To be or not to be a mother? The Motherhood Dilemma


By: Maria Alejandra Pulgar


Para leer en Español  

Motherhood was considered for centuries as the ultimate goal for women. Regardless of the conditions that surrounded them, a female’s main role in society was to be the instrument for increasing the population. That concept has changed since the 1950s when women started to gain more education and influence, becoming more active in the labor market and making decisions on when to get married or have children.

This shift in behavior has occurred worldwide. With every generation, younger women are delaying motherhood, having fewer children than their ancestors, or deciding not to have children altogether. Their reasons are multiple and go from continuing with their education; pursuing their professional career; having health issues; delaying finding a partner; the cost of raising children or even worrying about the future of the planet.

On the other hand, there are still many women who look forward to having babies, either on their own, with a partner, through adoption, or surrogacy. There is no scientific evidence that the “Maternal Instinct” exists for all women, however, there are those who dream of being mothers, creating a family to pass down their genes, values, and culture to another generation.

Society has created the Motherhood Dilemma for women.  Sometimes life circumstances lead women with a strong desire to be mothers through a path where they do not have the opportunity, while others who do not want children become mothers. Although the role of being a mother is undeniably one of the most important missions in a woman’s life, it is not the only measure to consider to determine her influence in the future of society.


Children are expensive!

A recent Pew Research study analyzed the changing motherhood trends in the US from 1950 until 2022 and found that their strong desire to pursue career aspirations, increased dissatisfaction with traditional roles, and furthering their education were the main reasons women had to delay motherhood until later in life. More than 60% of women between 18 and 49 believe that having a successful career is essential to them, making them willing to wait to have children, moreover when they want to give them a wealthy standard of living.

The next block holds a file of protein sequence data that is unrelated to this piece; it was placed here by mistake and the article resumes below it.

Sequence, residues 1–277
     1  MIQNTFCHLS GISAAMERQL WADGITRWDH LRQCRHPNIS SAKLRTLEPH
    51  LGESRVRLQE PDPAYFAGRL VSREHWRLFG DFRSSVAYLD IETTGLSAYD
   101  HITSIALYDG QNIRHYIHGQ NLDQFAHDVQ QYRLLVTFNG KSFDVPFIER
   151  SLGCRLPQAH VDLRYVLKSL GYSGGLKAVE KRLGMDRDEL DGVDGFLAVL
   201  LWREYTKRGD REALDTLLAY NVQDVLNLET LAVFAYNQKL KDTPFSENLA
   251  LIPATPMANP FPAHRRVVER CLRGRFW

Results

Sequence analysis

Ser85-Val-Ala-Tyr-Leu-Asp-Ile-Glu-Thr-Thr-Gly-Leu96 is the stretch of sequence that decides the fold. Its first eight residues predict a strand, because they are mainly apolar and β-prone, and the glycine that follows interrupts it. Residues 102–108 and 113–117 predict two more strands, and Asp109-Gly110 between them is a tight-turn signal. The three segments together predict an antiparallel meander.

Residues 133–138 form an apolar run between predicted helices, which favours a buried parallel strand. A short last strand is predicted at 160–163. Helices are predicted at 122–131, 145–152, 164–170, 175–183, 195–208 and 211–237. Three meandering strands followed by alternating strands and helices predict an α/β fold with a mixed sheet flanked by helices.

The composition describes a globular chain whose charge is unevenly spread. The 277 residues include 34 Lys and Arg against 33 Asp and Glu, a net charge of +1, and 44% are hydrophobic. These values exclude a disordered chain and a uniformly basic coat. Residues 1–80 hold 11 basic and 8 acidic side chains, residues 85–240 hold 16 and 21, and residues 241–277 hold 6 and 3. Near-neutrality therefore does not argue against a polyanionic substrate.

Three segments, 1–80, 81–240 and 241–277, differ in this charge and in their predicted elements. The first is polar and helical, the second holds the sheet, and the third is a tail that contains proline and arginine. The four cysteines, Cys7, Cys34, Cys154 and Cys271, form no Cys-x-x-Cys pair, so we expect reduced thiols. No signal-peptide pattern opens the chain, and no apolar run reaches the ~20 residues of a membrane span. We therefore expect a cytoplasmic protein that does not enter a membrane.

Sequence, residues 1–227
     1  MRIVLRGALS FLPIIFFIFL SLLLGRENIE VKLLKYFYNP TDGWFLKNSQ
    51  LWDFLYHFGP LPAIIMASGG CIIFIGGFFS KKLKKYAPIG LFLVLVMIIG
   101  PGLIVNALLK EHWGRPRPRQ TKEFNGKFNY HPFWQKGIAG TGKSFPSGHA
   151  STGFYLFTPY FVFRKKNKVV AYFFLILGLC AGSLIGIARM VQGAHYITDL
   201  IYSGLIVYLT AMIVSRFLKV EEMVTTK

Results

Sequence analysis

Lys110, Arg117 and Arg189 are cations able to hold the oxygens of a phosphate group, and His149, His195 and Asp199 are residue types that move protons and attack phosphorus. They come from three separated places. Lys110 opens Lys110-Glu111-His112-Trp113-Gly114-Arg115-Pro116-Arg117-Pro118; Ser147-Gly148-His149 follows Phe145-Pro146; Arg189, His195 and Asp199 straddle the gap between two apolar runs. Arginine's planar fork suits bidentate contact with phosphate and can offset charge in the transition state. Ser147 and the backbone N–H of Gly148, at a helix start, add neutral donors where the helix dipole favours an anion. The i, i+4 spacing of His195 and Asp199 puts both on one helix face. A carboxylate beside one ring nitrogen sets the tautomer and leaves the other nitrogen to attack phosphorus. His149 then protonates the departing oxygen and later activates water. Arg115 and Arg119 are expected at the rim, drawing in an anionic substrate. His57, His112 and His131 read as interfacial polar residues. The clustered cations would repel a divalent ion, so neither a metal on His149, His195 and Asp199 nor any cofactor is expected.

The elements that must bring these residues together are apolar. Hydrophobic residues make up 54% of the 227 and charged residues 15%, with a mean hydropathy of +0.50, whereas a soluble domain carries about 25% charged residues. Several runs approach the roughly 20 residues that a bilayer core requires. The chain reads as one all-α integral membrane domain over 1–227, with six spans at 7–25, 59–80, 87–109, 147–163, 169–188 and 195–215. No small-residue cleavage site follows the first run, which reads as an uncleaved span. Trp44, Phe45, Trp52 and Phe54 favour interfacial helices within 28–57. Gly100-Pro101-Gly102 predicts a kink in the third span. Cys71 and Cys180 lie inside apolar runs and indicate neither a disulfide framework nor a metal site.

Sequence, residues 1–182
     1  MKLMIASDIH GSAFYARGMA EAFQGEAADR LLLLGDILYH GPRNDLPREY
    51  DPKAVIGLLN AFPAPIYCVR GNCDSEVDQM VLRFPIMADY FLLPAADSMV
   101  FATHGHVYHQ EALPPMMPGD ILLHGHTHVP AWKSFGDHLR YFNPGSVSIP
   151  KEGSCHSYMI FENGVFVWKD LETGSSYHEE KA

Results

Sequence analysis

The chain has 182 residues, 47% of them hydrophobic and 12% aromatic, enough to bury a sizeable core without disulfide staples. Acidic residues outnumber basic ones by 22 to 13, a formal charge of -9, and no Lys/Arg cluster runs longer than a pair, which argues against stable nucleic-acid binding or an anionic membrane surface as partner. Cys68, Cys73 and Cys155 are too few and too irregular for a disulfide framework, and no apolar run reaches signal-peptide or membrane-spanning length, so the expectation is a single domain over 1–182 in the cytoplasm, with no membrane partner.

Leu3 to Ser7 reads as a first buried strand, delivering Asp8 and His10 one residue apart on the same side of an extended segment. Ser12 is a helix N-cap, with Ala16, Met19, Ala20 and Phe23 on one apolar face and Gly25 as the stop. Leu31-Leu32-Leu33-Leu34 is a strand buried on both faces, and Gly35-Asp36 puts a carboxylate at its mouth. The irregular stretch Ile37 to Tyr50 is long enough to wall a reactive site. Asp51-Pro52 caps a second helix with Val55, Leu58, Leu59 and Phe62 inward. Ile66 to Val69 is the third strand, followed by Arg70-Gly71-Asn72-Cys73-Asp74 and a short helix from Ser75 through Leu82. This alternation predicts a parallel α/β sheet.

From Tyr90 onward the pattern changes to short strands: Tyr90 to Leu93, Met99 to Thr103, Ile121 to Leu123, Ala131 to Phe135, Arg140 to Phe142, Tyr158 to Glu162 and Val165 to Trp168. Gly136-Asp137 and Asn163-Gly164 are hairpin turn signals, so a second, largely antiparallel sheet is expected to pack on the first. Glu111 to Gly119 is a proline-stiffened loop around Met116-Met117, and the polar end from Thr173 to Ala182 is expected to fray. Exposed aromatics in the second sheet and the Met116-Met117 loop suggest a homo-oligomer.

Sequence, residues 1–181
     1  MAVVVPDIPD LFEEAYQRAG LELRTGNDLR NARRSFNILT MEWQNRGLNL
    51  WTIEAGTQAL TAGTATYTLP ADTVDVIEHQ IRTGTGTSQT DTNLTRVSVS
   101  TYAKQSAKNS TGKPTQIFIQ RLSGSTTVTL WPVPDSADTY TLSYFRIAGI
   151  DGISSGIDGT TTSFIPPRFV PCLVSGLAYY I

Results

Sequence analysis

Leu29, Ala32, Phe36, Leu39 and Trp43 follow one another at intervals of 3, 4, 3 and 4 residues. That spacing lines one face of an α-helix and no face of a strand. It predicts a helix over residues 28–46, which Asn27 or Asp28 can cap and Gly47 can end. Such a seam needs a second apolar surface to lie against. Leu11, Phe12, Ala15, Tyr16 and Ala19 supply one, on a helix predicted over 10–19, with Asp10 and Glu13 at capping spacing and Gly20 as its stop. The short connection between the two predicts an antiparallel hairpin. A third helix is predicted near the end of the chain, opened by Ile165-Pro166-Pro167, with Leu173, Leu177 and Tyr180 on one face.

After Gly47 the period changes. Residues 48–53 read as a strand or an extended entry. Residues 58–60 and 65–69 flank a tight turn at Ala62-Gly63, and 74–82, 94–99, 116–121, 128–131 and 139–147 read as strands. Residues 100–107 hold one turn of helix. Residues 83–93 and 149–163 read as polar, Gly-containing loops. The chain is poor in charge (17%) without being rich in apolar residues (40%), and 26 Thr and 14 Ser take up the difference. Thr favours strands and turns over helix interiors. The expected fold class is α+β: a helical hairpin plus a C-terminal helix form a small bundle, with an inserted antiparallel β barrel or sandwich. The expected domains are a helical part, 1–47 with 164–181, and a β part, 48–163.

Raising a child has become expensive. A report from the US Department of Agriculture estimates “the cost of a child born in 2015 until age 17 is $233,610” for a middle-income family.  The estimate is based on the cost of childcare, food, education, and healthcare; no wonder younger generations want to establish their wealth before confronting parenthood and decide to have fewer children than they intended or compared with their parents or grandparents.

In the past, women were expected to marry and have children at a young age; they ended up not pursuing higher education or a career, focusing only on raising their families. The average number of children per woman was also higher than it is today. In the US, the fertility rate was 3.7 children per woman in 1960, compared to 1.64 children per woman in 2020. In Europe, the fertility rate was 2.4 children per woman in 1960, compared to 1.53 children in 2020.

As the decision not to have children or to delay motherhood has become more socially acceptable, many women are choosing to focus on their own goals instead of raising a family. The study found that 27% of women in the US aged 18-44 reported that they did not want to have children at all.

Women between 18 and 25, expressed in the study that seeing their mothers confront inequities in salary and working conditions, unpaid maternity leaves, and their struggle to balance work and family life, discourages them from thinking about becoming mothers; they do not want to go through the same trouble in the future.

The trend of delaying motherhood or choosing not to have children has significant implications for the future of the world; fewer births will lead to an aging population, impacting healthcare and social security systems. The study shows that in countries where the birth rate is below the replacement rate of 2.1%, such as Japan and Italy “the population is projected to decline, which will have severe economic and social consequences” as there will be fewer workers to contribute to the country’s economic growth and support the aging population.


Perfect Future of Love: Children

On the other hand, there are those who have dreamed of having children all their lives and go above and beyond to fulfill that desire from their hearts. A growing trend of women executives and artists in their 40s, who have not been able to become pregnant, have adopted children in foreign countries or hired surrogate mothers to achieve their goal of having children. 

There are also those who were not sure about being mothers, but life gave them the chance, by surprise or after a conscious and planned decision, and end up loving the process. No matter how many children a mother has, they are the most important thing in their life, and will always the extra mile to care for and provide for them.

There is not a single mother, regardless of the method used to achieve motherhood, who says that having children is an easy task. Children are a humongous responsibility, that demands a lot of work and dedication,  and raising them is a labor of unconditional love, a test of patience, and a gamble for the future. Parents, especially mothers, always wonder if they are doing their job well. That is why it is so important to have a Mother’s Day, to recognize the work of mothers or motherly figures who have decided to tackle the job with no training whatsoever since the very beginning.



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